He does this from a cockpit-sized booth, which offers just enough space for a DJ, two Technics 1200s, a Rane Mixer, his MacBook Pro, and whoever shows up from RQAway’s Awayteam crew. The party takes its name from a 2004 album by the Roots, itself named for Malcolm Gladwell’s book about the moment when an idea gains critical mass and affects large-scale change. The Awayteam chooses an issue as the theme of the evening. “Food drives, clothes drives with John Lacarbiere, a book drive with 2-Cent, leukemia, autism. If you’re going to be around us, you’re going to hear about it,” says RQAway.
The mission is awareness. “A simple conversation when you’re both wasted on Friday might make you wake up on Sunday and go under the bridge and feed somebody dinner that night. All it takes is a word or a step, a piece of paper. You’re having a good time dancing on those speakers over there? We’re raising money for autism. What’s up?”
In the wee hours, music begets fever, a collective, sweaty body joined in bass and alcohol. When Beyonce’s “Party” brings critical mass to the dance floor, RQAway cuts the vocal and the crowd becomes a chorus, singing in dreamy unison: “Top down with the radio on / and the night belongs to us.” In three years, there’s only been one fight.
Saturday, 11 a.m., Gentilly Gardens, Dillard University
Impeccable weather blesses the homecoming tailgate. Barbecue smoke drifts through great oak branches as a wolf mascot disappears into the gymnasium, giant head in hand.
Six hours after the Tipping Point party ended, RQAway spins from a sun-baked patio of the quad. Snares and hi-hats echo off the buildings, Rick Ross claims Tony Montana status, and a returning alumnus throws up softly behind a shuttle bus. Students relax on benches waiting for the afternoon’s basketball game. Every few songs, two or three edge onto the patio to dance. The braver ones attempt a freestyle or perform spoken word. Some make requests.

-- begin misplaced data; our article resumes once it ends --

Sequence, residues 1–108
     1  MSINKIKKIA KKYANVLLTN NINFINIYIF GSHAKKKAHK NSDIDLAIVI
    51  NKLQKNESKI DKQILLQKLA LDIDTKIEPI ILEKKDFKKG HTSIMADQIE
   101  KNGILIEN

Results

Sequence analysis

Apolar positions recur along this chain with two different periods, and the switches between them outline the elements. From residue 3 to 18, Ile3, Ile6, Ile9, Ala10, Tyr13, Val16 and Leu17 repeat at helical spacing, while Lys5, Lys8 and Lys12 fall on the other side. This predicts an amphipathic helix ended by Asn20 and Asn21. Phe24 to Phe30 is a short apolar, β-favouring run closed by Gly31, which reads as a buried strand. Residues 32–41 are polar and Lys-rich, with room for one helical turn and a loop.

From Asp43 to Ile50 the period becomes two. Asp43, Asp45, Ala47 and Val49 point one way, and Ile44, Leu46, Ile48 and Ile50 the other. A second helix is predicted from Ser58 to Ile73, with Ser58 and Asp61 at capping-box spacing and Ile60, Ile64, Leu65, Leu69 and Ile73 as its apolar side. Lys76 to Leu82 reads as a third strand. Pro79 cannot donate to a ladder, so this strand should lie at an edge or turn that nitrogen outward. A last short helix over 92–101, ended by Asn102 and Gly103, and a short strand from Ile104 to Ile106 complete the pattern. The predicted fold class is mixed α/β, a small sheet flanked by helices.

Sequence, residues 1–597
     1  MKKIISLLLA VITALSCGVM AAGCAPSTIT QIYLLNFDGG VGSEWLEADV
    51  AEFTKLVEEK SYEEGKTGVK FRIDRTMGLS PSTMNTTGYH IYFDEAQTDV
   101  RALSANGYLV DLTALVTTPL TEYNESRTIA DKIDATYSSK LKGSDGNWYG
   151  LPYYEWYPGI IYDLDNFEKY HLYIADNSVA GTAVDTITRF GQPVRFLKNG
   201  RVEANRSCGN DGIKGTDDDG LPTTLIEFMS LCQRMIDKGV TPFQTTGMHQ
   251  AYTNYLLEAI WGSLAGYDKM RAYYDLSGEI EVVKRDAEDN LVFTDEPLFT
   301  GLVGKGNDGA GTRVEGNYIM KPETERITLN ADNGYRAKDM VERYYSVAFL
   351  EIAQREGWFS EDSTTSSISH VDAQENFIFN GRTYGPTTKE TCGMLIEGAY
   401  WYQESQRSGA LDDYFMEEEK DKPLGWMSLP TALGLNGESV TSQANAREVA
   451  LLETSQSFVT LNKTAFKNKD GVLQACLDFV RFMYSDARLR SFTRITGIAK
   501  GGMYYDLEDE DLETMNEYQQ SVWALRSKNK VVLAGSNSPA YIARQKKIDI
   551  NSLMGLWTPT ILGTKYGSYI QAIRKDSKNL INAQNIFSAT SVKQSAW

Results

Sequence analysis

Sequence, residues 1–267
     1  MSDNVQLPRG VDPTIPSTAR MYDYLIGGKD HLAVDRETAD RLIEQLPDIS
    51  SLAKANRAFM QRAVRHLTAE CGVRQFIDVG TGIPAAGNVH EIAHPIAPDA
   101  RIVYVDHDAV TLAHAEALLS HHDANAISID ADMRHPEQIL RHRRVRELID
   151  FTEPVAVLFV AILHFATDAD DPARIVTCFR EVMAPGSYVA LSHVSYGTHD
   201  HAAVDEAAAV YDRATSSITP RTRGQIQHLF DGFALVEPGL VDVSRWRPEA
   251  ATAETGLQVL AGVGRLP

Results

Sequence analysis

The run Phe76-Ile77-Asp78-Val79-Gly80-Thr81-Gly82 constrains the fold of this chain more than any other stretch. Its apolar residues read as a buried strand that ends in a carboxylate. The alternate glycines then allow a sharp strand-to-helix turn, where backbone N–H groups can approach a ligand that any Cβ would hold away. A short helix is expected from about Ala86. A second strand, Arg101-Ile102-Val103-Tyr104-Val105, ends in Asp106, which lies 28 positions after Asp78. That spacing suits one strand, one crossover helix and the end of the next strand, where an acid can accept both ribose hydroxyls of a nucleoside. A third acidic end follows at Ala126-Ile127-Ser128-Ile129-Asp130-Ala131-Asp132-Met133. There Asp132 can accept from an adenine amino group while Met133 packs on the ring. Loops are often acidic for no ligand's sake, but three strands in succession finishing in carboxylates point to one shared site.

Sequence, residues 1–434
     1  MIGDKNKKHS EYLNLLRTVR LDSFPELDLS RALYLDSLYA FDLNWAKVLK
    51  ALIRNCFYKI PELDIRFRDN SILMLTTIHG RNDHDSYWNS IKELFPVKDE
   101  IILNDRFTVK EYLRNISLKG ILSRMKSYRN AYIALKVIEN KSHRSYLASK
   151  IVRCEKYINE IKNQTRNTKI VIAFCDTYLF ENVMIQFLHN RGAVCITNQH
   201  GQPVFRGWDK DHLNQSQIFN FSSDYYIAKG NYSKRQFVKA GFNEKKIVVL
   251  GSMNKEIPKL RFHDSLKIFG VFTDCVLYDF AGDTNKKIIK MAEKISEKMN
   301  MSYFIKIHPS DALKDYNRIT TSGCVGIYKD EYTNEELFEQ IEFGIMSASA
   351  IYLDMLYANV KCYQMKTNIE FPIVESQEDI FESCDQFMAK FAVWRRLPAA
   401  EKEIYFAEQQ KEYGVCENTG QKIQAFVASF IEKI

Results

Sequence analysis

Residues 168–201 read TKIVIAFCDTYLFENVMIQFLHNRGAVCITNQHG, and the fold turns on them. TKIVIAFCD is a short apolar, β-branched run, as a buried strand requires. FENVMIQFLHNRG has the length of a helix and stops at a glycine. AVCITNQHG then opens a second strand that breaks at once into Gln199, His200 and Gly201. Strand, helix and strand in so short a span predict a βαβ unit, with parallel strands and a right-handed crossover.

In the digital era, requests present an interesting dilemma. Everyone believes the DJ owns every song, can access the web, or can simply plug in an offered iPhone and fulfill the request. Time, place and general logic dictate receptivity.
“When I do events at Dillard, I tell people to tweet their requests. These people are paying me a whole lot of money to be here, why the hell not? I’ve had people make requests that were up on my screen at the time and people make requests that I didn’t think about. That’s dope. But the average request, you’re playing Sam Cooke ‘You Send Me’ and somebody requests [Waka Flocka’s] ‘Round of Applause.’”
Things wrap up around 1 p.m. as students head to the game. RQAway loads his gear into a borrowed cargo van. As he’s about to leave, a player from the lady’s basketball team asks for his card. “Here you go, ma’am.” A campus worker needs help with the gym’s PA system. “No problem, brother.” The work continues.
Sunday, 7 p.m., Cafe Istanbul, The New Orleans Healing Center
Purple light bathes a sold-out Fringe Festival audience awaiting director Davida Chanel’s “Hip Hop is Alive”. On the balcony, RQAway opens the evening with a set culled from four decades of hip-hop history.
A series of sketches dramatizing the lyrics of artists like Outkast and Kanye West, the show features several up-and-coming performers, including Q93’s Nicole Collins, comedian Mark Caesar, emcee Lyrikill, and actor Gian Francisco Smith. RQAway’s role requires pre- and post-show sets and filling in the set changes with selected cuts.
“That play demonstrated a very serious love,” he says later. “A really good example of love and music. When she first told me about it, I was like, ‘You’re picking me? And you got who playing?’ [Veteran DJs Raj Smoove, EF Cuttin, and Tony Skratchere participated on earlier nights.] I was nervous as hell.”
When the play ends, Chanel appears onstage in an #AWAYTEAM shirt and introduces cast members for encores, finishing with the DJ.
She describes first meeting Jevon Thompson at Whole Foods, where he worked as a cashier. For weeks, she’d see him in the checkout line and he’d tell her about his party. Finally, he mentioned the name, the Tipping Point.
“I said, ‘Oh, yeah, I heard they got that fire DJ, DJ RQAway.’ He said, ‘That’s me. I’m DJ RQAway.’”
The theater fills with applause.